I’m enjoying Malcolm Gladwell’s latest book, Outliers. In the same vein as Freakonomics, it looks deeper into why certain people or events deviate from the norm, become exceptional – why they are “outliers”. It’s helped create a new view on something that has puzzled and frustrated the world of Digital Radio, and handily includes references to Aviation and Korea, which is where we start.
One of the chapters in the book is called “The Ethnic Theory of Plane Crashes“, and describes the infamous crash of Korean Airlines flight KE801 into Guam in August 1997. (There’s an episode of Air Crash Investigation that covered it – Part I, II, III, IV, V). To summarise, the pilot flew his 747 plane into the ground, despite the instrumentation and the crew being well aware of what was going to happen in good time to be able to avoid the accident. 228 of the 254 passengers died.
It happened at a time when Korean Airlines was putting planes into the ground with worrying frequency. In the book, Gladwell says Korean Airlines was crashing planes 17 times more frequently than United Airlines. This wasn’t due to badly maintained aircraft, or dangerous conditions – the crews just kept crashing their planes. (I don’t know if “17 times” is accurate, but I do know that it’s a well established rule in flying circles never to fly KE metal, and one I have myself stuck to rigidly, preferring to route LHR-FRA-ICN on my trips to Korea).
The obvious conclusion is that Korean Airlines crews were incompetent, but Gladwell suggests it wasn’t incompetence – it was deference. The Korean culture is so deferential to figures of authority or power, the members of the crew who could see danger increasing simply did not feel that they could bring it to the captain’s attention. It was socially unacceptable for them to question his judgment, or even infer that he wasn’t fully aware and in control of his aircraft. Looking at the transcripts from the flight recorder, it’s excrutiating listening to the First Officer hint and suggest to the Captain that they might actually be flying straight into the ground. Only when there’s less than 7 seconds to impact does the First Officer clearly call for a “Go Around”. Too late.
This degree of deference can be measured – the PDI (Power Distance Index) measures the degree to which people are deferential to figures of authority or power. The PDIs of many nations (cultures) have been measured, and there is a remarkable correlation between the amount of deference in a in culture, and the plane crashes in those countries. It seems to be that such a degree of deference negates the value of having subordinates to help provide vital input and monitor situations.
So where’s the connection with Digital Radio?
It turns out that there’s another nation with a high PDI. France. France has a PDI value of 68 – it’s a highly deferential nation. (In context, Britain and Germany have values of 35, and Austria just 11).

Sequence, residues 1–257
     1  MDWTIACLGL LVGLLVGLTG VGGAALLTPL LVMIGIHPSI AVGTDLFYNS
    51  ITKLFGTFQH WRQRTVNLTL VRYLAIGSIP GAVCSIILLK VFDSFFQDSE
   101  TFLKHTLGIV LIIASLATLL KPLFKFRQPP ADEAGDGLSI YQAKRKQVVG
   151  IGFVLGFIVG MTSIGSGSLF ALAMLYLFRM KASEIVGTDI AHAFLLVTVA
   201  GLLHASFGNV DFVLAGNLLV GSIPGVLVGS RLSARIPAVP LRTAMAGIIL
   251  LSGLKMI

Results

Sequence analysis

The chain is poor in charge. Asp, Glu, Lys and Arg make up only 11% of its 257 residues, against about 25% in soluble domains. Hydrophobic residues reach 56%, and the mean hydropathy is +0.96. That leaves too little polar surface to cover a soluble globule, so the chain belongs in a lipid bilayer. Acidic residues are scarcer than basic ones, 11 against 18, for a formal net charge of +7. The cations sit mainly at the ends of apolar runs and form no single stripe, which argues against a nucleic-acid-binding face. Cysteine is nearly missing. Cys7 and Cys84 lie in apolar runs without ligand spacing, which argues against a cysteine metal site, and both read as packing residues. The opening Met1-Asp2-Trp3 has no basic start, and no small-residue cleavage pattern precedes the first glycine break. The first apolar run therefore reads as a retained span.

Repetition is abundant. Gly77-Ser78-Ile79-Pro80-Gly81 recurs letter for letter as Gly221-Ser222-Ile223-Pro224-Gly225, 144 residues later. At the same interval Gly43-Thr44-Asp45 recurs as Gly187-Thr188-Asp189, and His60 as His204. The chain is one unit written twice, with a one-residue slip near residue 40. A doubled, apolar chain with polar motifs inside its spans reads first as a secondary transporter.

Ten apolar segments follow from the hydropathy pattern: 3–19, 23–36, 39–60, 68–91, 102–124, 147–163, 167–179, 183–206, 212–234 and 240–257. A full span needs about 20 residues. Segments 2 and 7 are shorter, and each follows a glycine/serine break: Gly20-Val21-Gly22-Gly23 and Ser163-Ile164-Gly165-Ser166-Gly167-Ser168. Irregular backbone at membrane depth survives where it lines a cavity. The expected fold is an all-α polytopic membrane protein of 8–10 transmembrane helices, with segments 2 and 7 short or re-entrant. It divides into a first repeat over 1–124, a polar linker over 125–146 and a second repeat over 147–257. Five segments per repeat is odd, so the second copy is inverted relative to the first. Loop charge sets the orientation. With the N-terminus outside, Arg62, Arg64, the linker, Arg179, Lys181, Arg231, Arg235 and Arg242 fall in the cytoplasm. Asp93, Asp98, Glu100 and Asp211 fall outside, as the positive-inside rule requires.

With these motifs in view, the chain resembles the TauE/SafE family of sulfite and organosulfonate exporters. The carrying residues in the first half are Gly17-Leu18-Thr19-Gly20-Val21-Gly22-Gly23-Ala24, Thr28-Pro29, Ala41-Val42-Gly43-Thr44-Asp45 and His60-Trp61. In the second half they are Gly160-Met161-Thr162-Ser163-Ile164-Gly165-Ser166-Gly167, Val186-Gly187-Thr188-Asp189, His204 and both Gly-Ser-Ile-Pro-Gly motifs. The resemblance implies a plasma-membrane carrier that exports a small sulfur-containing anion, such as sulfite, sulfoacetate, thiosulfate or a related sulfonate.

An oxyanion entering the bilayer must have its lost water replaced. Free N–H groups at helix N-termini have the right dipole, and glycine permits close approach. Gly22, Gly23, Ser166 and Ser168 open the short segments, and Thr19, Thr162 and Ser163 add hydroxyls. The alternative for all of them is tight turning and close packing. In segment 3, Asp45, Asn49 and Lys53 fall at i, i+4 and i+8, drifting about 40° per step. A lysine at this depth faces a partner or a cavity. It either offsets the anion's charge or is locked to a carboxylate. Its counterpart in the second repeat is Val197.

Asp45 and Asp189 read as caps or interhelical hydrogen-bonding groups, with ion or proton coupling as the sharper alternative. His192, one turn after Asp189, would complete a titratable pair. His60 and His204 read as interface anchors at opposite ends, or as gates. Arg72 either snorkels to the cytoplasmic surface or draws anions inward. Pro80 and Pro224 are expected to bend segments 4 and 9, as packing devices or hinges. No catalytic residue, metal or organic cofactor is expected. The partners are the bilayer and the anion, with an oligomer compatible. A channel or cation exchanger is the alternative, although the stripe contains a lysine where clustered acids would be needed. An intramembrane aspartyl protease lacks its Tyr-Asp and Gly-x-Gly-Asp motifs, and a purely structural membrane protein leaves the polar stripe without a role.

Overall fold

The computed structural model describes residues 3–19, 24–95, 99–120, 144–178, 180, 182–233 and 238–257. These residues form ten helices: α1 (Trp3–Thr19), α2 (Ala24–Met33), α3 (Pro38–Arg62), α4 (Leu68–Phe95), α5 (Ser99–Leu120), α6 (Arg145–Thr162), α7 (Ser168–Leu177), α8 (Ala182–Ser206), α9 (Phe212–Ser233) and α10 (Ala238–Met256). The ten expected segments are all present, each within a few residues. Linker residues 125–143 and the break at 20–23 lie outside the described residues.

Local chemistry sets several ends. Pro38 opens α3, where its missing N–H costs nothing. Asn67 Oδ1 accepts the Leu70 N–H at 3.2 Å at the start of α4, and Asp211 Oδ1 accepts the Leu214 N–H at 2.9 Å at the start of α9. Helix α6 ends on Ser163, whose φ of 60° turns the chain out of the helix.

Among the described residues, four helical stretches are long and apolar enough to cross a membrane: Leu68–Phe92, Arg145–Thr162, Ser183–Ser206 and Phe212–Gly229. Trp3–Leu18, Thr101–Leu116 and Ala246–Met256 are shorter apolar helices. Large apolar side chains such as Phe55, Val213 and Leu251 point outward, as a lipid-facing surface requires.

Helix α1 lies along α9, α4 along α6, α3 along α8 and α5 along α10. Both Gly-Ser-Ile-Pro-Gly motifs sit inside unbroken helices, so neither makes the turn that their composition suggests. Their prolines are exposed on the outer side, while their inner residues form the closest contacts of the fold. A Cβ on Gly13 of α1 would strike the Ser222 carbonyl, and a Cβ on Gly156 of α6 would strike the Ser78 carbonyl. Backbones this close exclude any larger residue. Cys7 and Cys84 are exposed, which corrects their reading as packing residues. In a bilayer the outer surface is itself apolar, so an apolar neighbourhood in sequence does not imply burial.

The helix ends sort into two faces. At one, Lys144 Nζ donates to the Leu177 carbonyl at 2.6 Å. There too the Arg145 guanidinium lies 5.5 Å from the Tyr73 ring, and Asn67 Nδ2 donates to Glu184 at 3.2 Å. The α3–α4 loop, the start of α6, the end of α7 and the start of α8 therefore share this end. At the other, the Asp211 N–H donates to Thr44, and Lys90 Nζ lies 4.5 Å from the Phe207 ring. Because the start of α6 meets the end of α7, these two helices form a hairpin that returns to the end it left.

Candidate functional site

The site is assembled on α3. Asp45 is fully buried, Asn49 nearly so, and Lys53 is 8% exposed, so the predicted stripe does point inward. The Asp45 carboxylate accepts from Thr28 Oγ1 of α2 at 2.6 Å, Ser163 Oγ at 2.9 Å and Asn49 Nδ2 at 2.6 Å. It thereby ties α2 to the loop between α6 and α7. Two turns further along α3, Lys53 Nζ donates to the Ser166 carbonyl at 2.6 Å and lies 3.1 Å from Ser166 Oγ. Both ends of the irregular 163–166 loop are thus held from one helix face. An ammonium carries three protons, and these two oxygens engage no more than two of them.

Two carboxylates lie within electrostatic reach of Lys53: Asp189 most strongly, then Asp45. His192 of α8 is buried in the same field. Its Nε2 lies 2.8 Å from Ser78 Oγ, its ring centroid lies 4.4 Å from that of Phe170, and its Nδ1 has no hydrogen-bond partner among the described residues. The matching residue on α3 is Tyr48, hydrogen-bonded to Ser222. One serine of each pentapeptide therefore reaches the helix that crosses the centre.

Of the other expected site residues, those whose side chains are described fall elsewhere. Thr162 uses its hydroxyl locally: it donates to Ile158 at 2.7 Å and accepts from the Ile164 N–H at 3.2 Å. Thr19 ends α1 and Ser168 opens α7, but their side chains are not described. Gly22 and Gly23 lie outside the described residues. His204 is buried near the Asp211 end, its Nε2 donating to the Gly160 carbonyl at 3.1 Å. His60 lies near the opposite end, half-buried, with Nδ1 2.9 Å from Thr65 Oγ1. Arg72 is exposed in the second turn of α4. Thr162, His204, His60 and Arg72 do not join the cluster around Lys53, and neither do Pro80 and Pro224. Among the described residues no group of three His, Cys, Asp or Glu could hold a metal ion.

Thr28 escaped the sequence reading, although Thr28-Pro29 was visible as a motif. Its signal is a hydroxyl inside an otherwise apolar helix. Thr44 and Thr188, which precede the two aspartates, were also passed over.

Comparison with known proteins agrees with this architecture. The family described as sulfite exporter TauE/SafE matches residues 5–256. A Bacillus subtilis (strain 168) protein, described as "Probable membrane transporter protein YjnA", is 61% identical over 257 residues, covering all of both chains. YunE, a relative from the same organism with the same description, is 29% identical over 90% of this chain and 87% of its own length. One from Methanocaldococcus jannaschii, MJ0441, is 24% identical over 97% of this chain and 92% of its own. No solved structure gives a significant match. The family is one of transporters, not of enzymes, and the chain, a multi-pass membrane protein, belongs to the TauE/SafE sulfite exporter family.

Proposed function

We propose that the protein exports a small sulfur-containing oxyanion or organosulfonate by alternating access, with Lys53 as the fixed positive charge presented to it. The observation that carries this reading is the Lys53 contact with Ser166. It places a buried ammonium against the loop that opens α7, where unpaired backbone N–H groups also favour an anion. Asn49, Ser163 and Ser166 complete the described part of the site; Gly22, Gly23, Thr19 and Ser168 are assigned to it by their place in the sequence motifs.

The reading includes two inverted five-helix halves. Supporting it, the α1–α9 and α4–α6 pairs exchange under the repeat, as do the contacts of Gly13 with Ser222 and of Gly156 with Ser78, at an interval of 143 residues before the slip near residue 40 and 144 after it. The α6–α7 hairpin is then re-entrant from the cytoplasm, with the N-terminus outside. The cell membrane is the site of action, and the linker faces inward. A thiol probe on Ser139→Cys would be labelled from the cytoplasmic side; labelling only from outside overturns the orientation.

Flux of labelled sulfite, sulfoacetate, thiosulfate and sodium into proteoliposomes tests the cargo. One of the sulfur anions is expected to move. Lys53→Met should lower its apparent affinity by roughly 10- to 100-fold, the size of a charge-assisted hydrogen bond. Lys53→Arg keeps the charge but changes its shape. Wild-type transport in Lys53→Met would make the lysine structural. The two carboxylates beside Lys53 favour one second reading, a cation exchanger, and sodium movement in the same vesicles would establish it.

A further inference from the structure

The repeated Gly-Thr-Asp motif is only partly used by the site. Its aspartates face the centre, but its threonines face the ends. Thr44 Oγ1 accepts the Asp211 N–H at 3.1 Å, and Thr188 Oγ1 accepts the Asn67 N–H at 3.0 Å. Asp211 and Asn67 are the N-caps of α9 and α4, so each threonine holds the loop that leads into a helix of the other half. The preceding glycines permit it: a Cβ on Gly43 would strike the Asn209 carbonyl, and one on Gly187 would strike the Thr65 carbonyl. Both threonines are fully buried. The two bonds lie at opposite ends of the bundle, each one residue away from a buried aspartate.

All of a sudden, things are clicking for me. Here’s why.
France chose a non-standard version of DAB – a cut-down version of mobile TV (basically, mobile TV minus the video, or with very little video). Something that the Koreans (them again) invented and dubbed T-DMB. The most prominent figure in that decision for France to the use Korean originated T-DMB system was a man called Sylvain Anichini.
M. Anichini was the Director of Technology for Radio France – in hierarchical terms, he was pretty much at the top of the roost in French Radio. For whatever reasons he had, he became a passionate and vehement supporter of T-DMB. And he would give not a moment to anyone who didn’t agree with his decision. It’s maybe understandable that he repelled approaches from the other DAB nations, on the basis that his “sovereignty” might be undermined. I believe he stormed out of more than one WorldDMB meeting, and was very insulting in public session to a number of fellow professionals. It might also be the case that M. Anichini found dealing with Koreans, and their deferential culture, much more appealing than dealing with those apparently insolent and disrespectful English and Germans.
What’s interesting is the number of people within the French radio industry who privately disagreed with both M. Anichini’s decision, and his behaviour. I’m aware, both directly and indirectly, of heavy sighs when discussing the path being followed, but I (and others) could never understand why those people who were uncomfortable with the direction taken would never raise the issue more openly. I was obviously failing to understand the immense gulf between our culture and the French culture, and what appears to be a overriding and almost smothering cultural barrier to challenge bad decisions made by a person above you. (Maybe this is also why the French are so apparently tolerant of the dalliances of its politicians?).
What was happening in France with DAB had parallels with what happened to flight KE801. One man, whether intentionally or just out of disorientation, was about to bring everything crashing into the ground, and his subordinates and colleagues could not do anything to stop it.
Of course, with Digital Radio, nobody got hurt (apart from a bit of pride) and nobody died. Compromises were made, and positions adopted that allowed the French decision to accommodated, albeit at a financial cost for the entire DAB community worldwide. M. Anichini left Radio France at some point after the decision was taken, but before licences were awarded by the CSA.
So what did Korean Airlines do to turn around their appalling safety record? They hired an American and enforced the use of English in the cockpit, as a way of breaking down the deferential barriers created by the Korean language. It seems unlikely that the same approach would be appropriate for Digital Radio in France.